Texas Heritage, Winter 1985 Page: 16

In a timely effort to promote a deeper
public appreciation and understanding
of our state's cultural wealth, Texas
Folklife Resources, a non-profit statewide
service organization, was created
in the summer of 1984. Although academic
programs and scholarly societies
exist in Texas to promote the
study of folklore, and some public institutions
attend to issues relevant to
Texas folklife, Texas Folklife Resources
(TFR) is currently the only organization
in the state whose sole purpose
is the development of programs
dedicated to the public presentation
and preservation of the folk arts and
folklife of Texas. The programming
goals of TFR are fourfold: to document
the folk arts and folklife of the
state; to encourage professional and
comprehensive approaches to the presentation
and preservation of Texas
folk culture that stresses the integrity
of traditional artists and communities;
to promote the study of folklore and
folklife in the education of all citizens;
and to advocate the development of
public policy that recognizes the importance
of maintaining Texas' rich
and diverse cultural heritage.
In order to accomplish such goals, the
activities of Texas Folklife Resources
professional staff are diverse and
many. Central to these objectives is the
identification of, and provision of services
to, Texas folk artists and tradition
bearers. Such a goal constitutes a
major commitment, since traditional
artists usually function within the context
of a small community and, as a
group, resist standardization. This is
because, unlike much of contemporary
culture, traditional artists and
craftspeople eschew specialization and
limitation. Seldom does a folk artist
identify him or herself primarily as an
artist. Folk artists and tradition bearers
will usually perceive the skills or talents
that define them in that role as
among the many that any resourceful
individual needs to live a full and satisfying
life. Indeed, at the very heart of
folk culture is the impulse to self-sufficiency
and adaptability, to the creative
and strategic application of skills and

Lydia Mendoza of Houston, Texas, is a noted Texas-Mexican cancionera (singer) who began her
career playing in her family's band. She is shown here in concert at the Dougherty Cultural Center in
a performance sponsored by Women and Their Work and the Austin Parks and Recreation Depart

ment, Austin. Photo courtesy of Danna Byrom.
past lessons. The folk arts are not separate
from everyday life, but entirely
central to it. It is this very accessibility
and authenticity of folk culture that
Texas Folklife Resources hopes to help
maintain through its programs.
In addition, it is important to remember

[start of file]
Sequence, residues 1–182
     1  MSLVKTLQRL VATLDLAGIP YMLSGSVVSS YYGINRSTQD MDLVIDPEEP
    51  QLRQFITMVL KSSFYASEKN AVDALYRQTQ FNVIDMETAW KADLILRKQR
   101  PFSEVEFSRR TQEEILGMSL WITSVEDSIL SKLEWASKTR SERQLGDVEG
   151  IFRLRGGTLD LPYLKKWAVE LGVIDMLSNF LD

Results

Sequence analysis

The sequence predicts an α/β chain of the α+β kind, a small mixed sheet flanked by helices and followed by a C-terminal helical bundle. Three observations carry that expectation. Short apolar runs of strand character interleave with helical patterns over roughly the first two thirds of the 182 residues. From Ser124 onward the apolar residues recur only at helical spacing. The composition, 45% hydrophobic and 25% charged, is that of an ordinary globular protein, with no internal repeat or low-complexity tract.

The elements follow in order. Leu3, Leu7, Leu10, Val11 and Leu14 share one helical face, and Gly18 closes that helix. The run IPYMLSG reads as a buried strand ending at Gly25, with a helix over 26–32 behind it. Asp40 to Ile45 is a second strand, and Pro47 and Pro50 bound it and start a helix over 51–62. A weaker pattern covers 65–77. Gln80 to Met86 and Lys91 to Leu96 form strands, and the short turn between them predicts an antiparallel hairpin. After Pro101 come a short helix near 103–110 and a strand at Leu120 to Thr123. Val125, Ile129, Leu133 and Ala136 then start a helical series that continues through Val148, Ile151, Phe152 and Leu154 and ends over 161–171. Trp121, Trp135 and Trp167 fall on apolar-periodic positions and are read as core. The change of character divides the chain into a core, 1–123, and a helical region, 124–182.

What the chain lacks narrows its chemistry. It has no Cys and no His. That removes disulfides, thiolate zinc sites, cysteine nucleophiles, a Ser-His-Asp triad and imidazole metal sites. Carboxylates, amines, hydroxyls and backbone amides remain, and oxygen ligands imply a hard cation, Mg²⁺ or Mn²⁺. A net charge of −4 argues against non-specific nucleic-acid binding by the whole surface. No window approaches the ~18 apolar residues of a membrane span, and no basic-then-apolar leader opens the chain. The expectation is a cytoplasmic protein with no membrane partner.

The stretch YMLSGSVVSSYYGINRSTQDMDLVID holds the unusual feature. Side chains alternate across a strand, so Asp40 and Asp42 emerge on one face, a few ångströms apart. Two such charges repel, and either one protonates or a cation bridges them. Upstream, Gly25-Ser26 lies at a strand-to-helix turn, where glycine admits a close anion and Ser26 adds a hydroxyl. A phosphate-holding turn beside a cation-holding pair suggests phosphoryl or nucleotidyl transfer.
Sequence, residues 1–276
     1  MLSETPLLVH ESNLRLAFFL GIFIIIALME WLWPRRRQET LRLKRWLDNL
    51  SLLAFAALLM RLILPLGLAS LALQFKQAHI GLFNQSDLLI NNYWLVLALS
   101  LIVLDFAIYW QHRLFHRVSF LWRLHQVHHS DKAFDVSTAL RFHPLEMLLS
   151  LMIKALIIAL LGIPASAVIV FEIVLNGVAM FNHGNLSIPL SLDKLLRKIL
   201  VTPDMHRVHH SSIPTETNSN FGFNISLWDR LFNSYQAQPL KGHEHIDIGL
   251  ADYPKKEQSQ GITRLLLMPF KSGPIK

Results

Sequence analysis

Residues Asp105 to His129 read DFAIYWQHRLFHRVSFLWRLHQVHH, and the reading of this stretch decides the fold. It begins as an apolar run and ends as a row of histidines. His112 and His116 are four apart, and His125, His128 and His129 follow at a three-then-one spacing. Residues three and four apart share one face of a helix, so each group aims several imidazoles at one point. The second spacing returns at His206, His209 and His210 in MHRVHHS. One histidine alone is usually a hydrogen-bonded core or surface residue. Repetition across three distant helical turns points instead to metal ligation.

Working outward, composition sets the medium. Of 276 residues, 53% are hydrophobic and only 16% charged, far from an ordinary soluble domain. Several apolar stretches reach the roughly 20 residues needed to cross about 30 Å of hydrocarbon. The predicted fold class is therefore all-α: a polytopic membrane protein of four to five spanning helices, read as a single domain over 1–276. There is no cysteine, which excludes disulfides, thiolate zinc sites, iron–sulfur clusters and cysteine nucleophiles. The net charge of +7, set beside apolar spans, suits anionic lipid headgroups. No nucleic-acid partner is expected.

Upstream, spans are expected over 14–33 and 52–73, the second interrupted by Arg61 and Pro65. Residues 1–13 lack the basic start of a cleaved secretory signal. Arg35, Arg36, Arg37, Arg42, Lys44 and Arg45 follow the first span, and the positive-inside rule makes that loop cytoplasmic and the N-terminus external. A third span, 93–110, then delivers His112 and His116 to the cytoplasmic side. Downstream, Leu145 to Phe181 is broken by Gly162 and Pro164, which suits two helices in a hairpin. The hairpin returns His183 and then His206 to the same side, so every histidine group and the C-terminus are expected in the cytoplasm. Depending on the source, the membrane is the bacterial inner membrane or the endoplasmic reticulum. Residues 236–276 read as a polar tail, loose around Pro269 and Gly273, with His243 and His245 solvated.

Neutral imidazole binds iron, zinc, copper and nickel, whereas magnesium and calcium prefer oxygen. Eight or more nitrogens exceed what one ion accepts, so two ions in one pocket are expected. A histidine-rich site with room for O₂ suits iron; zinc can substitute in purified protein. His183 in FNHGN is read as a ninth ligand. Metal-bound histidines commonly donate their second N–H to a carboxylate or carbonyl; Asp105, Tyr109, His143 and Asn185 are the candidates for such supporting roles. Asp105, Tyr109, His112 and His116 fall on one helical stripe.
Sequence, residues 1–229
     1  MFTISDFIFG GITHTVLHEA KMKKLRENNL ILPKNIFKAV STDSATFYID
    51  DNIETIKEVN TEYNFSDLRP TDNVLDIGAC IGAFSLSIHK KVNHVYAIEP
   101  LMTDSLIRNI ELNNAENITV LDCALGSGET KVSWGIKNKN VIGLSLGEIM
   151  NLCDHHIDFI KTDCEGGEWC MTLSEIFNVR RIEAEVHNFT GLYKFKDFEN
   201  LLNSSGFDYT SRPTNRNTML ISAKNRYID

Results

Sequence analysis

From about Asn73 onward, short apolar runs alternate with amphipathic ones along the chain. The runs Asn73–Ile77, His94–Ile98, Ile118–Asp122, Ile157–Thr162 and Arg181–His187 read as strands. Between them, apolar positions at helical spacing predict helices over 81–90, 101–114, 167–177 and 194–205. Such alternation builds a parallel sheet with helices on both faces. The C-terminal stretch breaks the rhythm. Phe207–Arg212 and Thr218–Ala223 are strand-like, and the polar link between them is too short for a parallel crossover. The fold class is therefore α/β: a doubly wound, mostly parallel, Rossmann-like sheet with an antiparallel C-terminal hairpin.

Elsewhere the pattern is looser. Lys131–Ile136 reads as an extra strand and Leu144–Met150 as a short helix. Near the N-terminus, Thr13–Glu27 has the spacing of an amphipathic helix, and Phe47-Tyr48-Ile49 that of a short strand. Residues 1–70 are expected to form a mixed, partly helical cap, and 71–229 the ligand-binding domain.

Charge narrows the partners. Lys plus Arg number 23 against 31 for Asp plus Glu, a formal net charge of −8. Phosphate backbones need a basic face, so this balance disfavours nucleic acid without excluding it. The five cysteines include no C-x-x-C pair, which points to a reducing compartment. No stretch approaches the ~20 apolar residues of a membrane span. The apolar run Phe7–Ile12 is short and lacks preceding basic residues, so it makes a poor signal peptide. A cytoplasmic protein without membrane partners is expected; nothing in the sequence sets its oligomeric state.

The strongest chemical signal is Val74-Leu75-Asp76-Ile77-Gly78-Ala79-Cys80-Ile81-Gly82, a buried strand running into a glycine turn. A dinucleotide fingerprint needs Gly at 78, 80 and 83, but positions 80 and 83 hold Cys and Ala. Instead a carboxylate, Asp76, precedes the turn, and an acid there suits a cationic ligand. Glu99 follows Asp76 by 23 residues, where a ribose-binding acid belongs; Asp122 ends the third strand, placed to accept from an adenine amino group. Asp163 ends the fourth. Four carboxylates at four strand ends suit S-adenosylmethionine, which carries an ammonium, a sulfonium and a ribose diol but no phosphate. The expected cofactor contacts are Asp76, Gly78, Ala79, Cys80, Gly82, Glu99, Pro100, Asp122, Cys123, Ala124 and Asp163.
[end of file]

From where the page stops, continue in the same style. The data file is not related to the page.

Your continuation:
that the folk arts are not mere
relics of the past, that they are vital. As
one of Austin's blues musicians, Lavada
Durst, speaks of his mentor:
"Around 1926 or '27 I heard Robert
Shaw at a house rent party . . . Robert
was my model, but, you know, you
don't play other people's stuff without
getting something together yourself."
Lavada's works highlight an important
aspect of Texas folklife and folk artsthat
tradition can accommodate innovation
as well as perpetuation; that the
folk arts are not mindless repetitions
of past practices, but mindful remembrances
and recreations of shared
skills, social togetherness, artistic virtuosity
and ethnic pride.

Nowhere is the adaptability of folk artists
and the forms they create more apparent
than in the Coushatta tradition
of pine needle basketry. Initially a
craft that functioned as part of this
tribal group's food gathering and storage
practices, the making of baskets
has now become a significant economic
tactic for this community living
outside of Livingston, Texas. And
while many women members of the
community are fine practitioners of
this skill, a few have gained internal as
well as external recognition for their
exceptional designs, tight stitchery
and durable construction. Isabel Robinson
is one of the women whose work
has been collected extensively as this
burgeoning tourist art has come increasingly
to the attention of outsiders.
Even though Ms. Robinson's baskets
show the effects of this change in the
craft, they still quietly communicate
her ties to Coushatta tradition through
the use of animal imagery that carries
great cultural significance for the
tribe. The turkey basket is a reminder

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Texas Historical Foundation. Texas Heritage, Winter 1985, periodical, February 1, 1985; Austin, Texas. (texashistory.unt.edu/ark:/67531/metapth45443/m1/16/ocr/: accessed May 30, 2017), University of North Texas Libraries, The Portal to Texas History, texashistory.unt.edu; crediting Texas Historical Foundation.